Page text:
... Why not think of the format in it's own terms, rather than applying the rules from a different format and then applying a multiplication to get back to the format you are using? ...
Fair enough point, but the short answer is that most of us come from a 35mm format frame of reference, so to help us translate, it "works" to compare what a 200mm lens would do on a 35mm film camera w/ what a 300mm lens will do on a digital camera w/ an APS-C sized sensor.

It is like people who live in countries that use the metric system. They say to us backward United Staters, "The metric system is so much easier to convert, to understand the relationship between measurements of volume, weight, and distance, etc." I reply, "You're correct, of course, but it's not the simplicity of the old system that keeps us hanging on to it; it's just what we're used to. We know what 64 degrees F feels like, but when you say, 'It's 18 degrees C', we don't know what that feels like."

So, your point is logical, but that doesn't necessarily mean everyone will say, "Let's stop talking about a 'crop factor' & just get used to 300mm on APS-C sized sensors!"

Maybe you should take consolation that people are using "crop factor" rather than the completely erroneous term "magnification factor" to describe the same thing.
06-27-2008, 01:14 PM   #25
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Well, I had a 35mm camera back in 1980 and used it for fun for about a year before getting into Medium Format (6x7) and then I shot pro for about 20 years, but only with the 6x7 (portraits, glamour and headshots) and 4x5 and 8x10 (product photography), when I went digital in 1998, it was a 3-pass scanning back on my 4x5 camera. So I am most familiar with angles of coverage, working distance, DOF, how much I can tilt or shift and not vignette, etc.. and the focal lengths I prefer in these formats.

When I got into DSLR in 2001, I immediately had to sit down and figure out what lens for my Canon D30 would give me the same focal effect and working distance as my RB180 lens on my 6x7, and what lens I could use for some product shots that would be close to my 150 on my 4x5 back. But even back then I noticed that the exact translation from my 8x10 or my 4x5 camera to my RB67 didn't always produce the same look and feel, even though it gave me the exact same crop at the exact same working distance. I preferred to leave it a bit shorter on my 6x7 to match up better, even though I had to come in a bit closer. With my DSLR, even though my RB180 lens would be the same cropped field of view at the same distance as say a 60 for the Pentax DSLR. I prefer a longer length, say 70 or 77 and with Canon their 85, as it did not translate directly exactly to what I used to shoot with my RB, and even though I have to shoot from a bit farther back to get the same area covered, the overall look is more similar.

I believe that the crop factor is more or less for figuring out angle of coverage and field of view and not meant to translate directly into how a lens will behave. Put a fisheye lens on that Olympus DSLR with the 2x crop factor and while mathematically it seems like it would now be a moderate wide angle, but the images will still look like they were taken with a fisheye.
06-27-2008, 01:27 PM   #26
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I'm with russ. I think of things it terms of small sensors. If I ever get a FF camera, I'll be lost.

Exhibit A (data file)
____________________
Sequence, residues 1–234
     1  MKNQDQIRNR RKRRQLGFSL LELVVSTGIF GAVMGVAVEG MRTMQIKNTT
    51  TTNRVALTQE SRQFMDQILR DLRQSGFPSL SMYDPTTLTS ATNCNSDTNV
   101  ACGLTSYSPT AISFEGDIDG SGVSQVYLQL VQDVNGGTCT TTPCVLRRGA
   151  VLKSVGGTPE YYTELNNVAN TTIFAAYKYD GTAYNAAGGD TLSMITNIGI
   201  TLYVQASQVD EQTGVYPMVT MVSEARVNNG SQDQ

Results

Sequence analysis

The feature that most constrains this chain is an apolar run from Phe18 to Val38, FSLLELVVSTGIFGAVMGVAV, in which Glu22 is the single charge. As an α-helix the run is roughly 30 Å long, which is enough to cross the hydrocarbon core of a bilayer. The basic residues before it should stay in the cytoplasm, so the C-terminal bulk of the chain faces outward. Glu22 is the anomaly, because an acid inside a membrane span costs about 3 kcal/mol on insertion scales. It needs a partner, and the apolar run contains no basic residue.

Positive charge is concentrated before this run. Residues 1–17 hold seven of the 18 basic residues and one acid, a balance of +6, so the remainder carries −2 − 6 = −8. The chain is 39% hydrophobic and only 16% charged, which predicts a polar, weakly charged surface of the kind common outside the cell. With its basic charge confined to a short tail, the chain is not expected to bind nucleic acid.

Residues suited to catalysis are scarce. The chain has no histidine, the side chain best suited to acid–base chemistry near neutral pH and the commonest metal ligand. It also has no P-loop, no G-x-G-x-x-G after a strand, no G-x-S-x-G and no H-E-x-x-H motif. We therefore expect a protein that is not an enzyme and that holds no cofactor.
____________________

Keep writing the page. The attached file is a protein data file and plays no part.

As for misnomers, what do you call a computer? It grates on my nerves when people call it a "hard drive." But "CPU" is pretty widely accepted, despite being just as incorrect as "hard drive."
06-27-2008, 04:08 PM   #27
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QuoteOriginally posted by joefru Quote
what do you call a computer? It grates on my nerves when people call it a "hard drive." But "CPU" is pretty widely accepted, despite being just as incorrect as "hard drive."
???
computer, hard drive, CPU are three entirely different beasts and I haven't yet met somebody who would mix the three terms up. Like a car, a wheel and a motor are hardly ever mixed up... So, I don't get your point.
06-27-2008, 04:08 PM   #28
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Most of us refer to the reduced sensor size as a crop factor,because we are used to the 35mm format and this is an easy way of explaining the differences in lens selection for a job. I personally find it insulting to have crop factor referred to as mushy thinking. After all it is only samantics. As long as you grasp the differences in formats, it shouldn't matter how we get there. They used to call it the image multiplier and that was changed to keep the nit pickers happy.

Dave

QuoteOriginally posted by Wheatfield Quote
Out of curiosity, what is the "crop factor" of a DA70mm LTD? Or a DA14mm, or a DA 12-24, or a 21mm LTD, or the DA200 and 300 mm lenses. They aren't usable on 35mm, so why reference back to that format.
06-27-2008, 06:03 PM   #29
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Even before dslrs it was hard to figure out what lenses would give the same field of view on two different formats like 35 & 6x7. Wonder if photography didn't make a huge mistake years ago using focal length to define a lens? What if lenses came in field of view markings? Like a fisheye would be a 180 etc. Just use 1 diagonally measured number to describe each lens. Just a thought.
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06-27-2008, 07:15 PM   #30
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QuoteOriginally posted by barondla Quote
Even before dslrs it was hard to figure out what lenses would give the same field of view on two different formats like 35 & 6x7. Wonder if photography didn't make a huge mistake years ago using focal length to define a lens? What if lenses came in field of view markings? Like a fisheye would be a 180 etc. Just use 1 diagonally measured number to describe each lens. Just a thought.
Then people would say "my 180 is actually a 120 on my new DSLR".
And they would complain because they were getting less.....